The unions have been told by legal advisors that the carrier behaved in an improper manner, and if a Federal Court appeal is successful, then strike action could begin again. Tony Sheldon, leader of the TWU, said there was sufficient proof to show that the Fair Work Australia decision didn’t stand up legally.
Qantas has denied that this is the case, and claims that it acted… Read the full story
by Isabella Robinson on November 10th, 2011
It has emerged that many of the politicians who were willing to stand up and attack Qantas for deciding to ground its entire fleet, have been equally willing to accept free gifts and services from the flag carrier over the past couple of years. Among the perks that Senators and MPs have reportedly received are iPads, upgrades, AFL tickets, and bottles of wine.
Federal politicians are all also offered the opportunity to become members of Qantas’ Chairman’s Lounge. Indeed, it is apparent that Senator Scott Ludlam, of the Greens, made the most of the exclusive lounge the day he gave Qantas boss Alan Joyce a grilling for grounding the carrier’s planes.
Mr Joyce made the decision to cease services as long running battles with the unions looked set to continue.… Read the full story
by Lily Thompson on November 9th, 2011
Qantas has reconvened meetings with union representatives for the first time since airline chief executive, Alan Joyce, announced that the entire fleet would be grounded because of the ongoing dispute with workers. Australian Licensed Aircraft Engineers Association secretary, Steve Purvinas, said Qantas was trying to axe the jobs of more than 120 engineers whose task it was to ensure that aircraft were in and adequate condition to fly.
Mr Purvinas said that he was angry that Qantas kept telling engineers about airline safety, when it was clearly the workers’ job to make sure that ‘planes were operating properly. He added that he would find out if Qantas were serious about entering into negotiations with the union, or whether the airline would simply continue to stonewall. A second meeting has been… Read the full story
by Mia Harris on November 8th, 2011
Qantas has announced that it will be offering free tickets to passengers who experienced disruption after the airline’s entire fleet was grounded recently. Thousands of passengers were left stranded in cities around the globe when the flag carrier decided to cancel services in reaction to and ongoing battle with the unions.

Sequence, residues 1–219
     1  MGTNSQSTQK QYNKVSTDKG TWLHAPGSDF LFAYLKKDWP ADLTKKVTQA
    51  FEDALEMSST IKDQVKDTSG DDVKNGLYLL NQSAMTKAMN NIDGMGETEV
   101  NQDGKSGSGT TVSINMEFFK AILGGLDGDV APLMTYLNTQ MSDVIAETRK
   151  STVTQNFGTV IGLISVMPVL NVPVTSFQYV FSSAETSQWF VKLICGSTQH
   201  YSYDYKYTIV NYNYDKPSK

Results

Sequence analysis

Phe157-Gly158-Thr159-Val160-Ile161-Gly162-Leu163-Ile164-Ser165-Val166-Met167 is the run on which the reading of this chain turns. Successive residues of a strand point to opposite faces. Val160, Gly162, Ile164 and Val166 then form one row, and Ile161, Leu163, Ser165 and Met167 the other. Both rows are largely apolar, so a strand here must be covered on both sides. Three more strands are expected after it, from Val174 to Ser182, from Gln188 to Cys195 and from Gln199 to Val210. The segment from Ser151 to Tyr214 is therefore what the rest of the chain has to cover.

The free ticket offer will apply to economy class return flights within New Zealand and Australia and will cost Qantas around $20 million. Alan Joyce, the carrier’s chief executive, said the free tickets were just one of the initiatives which will be introduced as a way of apologising to customers for the recent disruption. He added that more announcements would be made over the coming weeks.
Qantas planes took the air again after Fair Work Australia intervened and told… Read the full story
by Riley Walker on November 7th, 2011
Qantas boss Alan Joyce has defended plans to expand the airline into Asia and pursue global ambitions. The chief executive had been summoned to a meeting with lawmakers to discuss his decision to ground the carrier’s entire fleet last weekend, which resulted in thousands of passengers being left stranded. A private bill is now in front of parliament which, if passed, will mean Qantas jobs remain in Australia.
The airline has been suffering recently because unions representing workers have called a series of stoppages in protest of the possibility that jobs will be lost as they are moved overseas. Mr Joyce said if the bill was pushed through, then Qantas’ ability to expand internationally would be severely hampered. He said that it would effectively lock the company within Australia.
Qantas… Read the full story
by Cooper Anderson on November 4th, 2011
- Qantas seeks agreement with unions before arbitration deadline
- Boeing sells 230 planes to Lion Air
- Boeing Dreamliner comes to Australia
- Tiger Airways declares operating losses
- Qantas announces flight powered by biofuel
- Unions consider challenging Qantas strike ruling
- Qantas critics happy to accept free gifts
- Qantas resumes negotiations with unions
- Qantas apologises to customers with free tickets
- Qantas defends international ambitions